Series of failures led to massive oil blowout

Series of failures led to massive oil blowout

The first firm evidence of what likely caused the disastrous Gulf of Mexico oil blowout — a devastating sequence of equipment failures — drives home a central unsettling point about America’s oil industry: key safety features at tens of thousands of U.S. offshore rigs are barely regulated.

Wednesday’s hearings by congressional and administration panels — in Washington and in Louisiana — laid out a checklist of unseen breakdowns on largely unregulated aspects of well safety that appear to have contributed to the April 20 blowout: a leaky cement job, a loose hydraulic fitting, a dead battery.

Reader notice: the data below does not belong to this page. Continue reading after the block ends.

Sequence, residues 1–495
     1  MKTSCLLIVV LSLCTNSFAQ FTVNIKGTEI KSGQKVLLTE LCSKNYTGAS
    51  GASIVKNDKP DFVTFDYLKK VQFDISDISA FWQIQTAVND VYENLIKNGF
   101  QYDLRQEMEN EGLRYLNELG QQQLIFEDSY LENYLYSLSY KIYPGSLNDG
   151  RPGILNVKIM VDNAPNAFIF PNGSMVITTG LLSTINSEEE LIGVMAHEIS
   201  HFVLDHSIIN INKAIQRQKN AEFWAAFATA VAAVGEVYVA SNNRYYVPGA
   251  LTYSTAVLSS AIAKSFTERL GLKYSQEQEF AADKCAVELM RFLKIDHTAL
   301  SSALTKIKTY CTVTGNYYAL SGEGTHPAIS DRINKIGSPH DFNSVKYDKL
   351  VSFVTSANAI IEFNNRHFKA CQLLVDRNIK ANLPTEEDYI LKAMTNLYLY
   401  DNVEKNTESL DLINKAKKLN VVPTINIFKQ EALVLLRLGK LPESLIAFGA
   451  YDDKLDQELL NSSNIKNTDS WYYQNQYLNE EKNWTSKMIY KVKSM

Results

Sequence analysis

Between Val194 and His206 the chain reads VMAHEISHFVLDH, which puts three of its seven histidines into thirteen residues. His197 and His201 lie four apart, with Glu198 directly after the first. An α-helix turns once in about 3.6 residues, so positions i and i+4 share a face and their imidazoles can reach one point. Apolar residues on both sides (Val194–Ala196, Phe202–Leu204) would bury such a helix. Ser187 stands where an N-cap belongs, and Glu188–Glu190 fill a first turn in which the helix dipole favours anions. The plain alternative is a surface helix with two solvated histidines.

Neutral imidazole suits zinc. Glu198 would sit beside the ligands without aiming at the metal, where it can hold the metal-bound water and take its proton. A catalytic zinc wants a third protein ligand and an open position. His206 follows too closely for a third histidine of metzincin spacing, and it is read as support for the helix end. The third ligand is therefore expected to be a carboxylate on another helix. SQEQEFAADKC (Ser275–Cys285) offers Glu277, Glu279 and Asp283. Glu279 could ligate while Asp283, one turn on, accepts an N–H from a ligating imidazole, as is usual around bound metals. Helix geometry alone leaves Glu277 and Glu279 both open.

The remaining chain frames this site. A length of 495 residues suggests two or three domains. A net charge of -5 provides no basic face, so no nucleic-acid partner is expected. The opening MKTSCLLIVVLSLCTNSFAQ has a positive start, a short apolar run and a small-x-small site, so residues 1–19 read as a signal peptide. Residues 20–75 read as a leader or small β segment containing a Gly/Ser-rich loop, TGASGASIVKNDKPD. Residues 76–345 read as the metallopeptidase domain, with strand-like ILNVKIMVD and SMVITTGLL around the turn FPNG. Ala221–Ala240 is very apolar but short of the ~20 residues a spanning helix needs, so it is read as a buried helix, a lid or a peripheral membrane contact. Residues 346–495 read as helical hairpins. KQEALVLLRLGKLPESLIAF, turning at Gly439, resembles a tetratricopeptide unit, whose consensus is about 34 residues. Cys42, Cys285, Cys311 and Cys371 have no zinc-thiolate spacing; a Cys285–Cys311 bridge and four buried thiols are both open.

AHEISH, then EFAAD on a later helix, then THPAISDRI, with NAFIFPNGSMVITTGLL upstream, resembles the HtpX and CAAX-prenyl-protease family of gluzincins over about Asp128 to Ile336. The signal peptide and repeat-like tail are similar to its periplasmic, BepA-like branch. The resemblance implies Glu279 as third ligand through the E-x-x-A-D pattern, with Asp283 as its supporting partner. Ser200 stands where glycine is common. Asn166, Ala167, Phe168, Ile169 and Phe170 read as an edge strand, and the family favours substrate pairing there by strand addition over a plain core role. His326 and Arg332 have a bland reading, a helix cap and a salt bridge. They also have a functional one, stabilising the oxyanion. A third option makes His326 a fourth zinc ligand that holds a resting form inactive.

The trail of problems highlights the reality that, even as the U.S. does more deepwater offshore drilling in a quest for domestic oil, some key safety components are left almost entirely to the discretion of the companies doing the work.

It remains unclear what, if anything, Congress or the Obama administration may do to address these regulatory deficiencies.

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